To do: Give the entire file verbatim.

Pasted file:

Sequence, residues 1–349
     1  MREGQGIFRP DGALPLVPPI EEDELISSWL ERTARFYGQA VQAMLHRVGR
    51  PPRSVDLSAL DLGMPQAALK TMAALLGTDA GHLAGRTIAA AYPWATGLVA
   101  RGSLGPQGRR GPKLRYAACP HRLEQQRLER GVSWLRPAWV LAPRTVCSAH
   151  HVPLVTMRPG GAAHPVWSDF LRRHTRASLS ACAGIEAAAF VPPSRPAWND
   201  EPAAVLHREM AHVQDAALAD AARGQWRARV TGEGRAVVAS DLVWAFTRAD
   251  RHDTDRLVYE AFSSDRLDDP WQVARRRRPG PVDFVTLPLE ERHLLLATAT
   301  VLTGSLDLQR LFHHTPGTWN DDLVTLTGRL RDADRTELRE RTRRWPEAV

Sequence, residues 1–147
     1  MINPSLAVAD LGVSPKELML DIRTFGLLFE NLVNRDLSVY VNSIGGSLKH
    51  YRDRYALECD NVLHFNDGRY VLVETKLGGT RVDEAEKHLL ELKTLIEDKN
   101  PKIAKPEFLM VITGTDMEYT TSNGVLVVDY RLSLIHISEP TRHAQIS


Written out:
Sequence, residues 1–349
     1  MREGQGIFRP DGALPLVPPI EEDELISSWL ERTARFYGQA VQAMLHRVGR
    51  PPRSVDLSAL DLGMPQAALK TMAALLGTDA GHLAGRTIAA AYPWATGLVA
   101  RGSLGPQGRR GPKLRYAACP HRLEQQRLER GVSWLRPAWV LAPRTVCSAH
   151  HVPLVTMRPG GAAHPVWSDF LRRHTRASLS ACAGIEAAAF VPPSRPAWND
   201  EPAAVLHREM AHVQDAALAD AARGQWRARV TGEGRAVVAS DLVWAFTRAD
   251  RHDTDRLVYE AFSSDRLDDP WQVARRRRPG PVDFVTLPLE ERHLLLATAT
   301  VLTGSLDLQR LFHHTPGTWN DDLVTLTGRL RDADRTELRE RTRRWPEAV

Sequence, residues 1–147
     1  MINPSLAVAD LGVSPKELML DIRTFGLLFE NLVNRDLSVY VNSIGGSLKH
    51  YRDRYALECD NVLHFNDGRY VLVETKLGGT RVDEAEKHLL ELKTLIEDKN
   101  PKIAKPEFLM VITGTDMEYT TSNGVLVVDY RLSLIHISEP TRHAQIS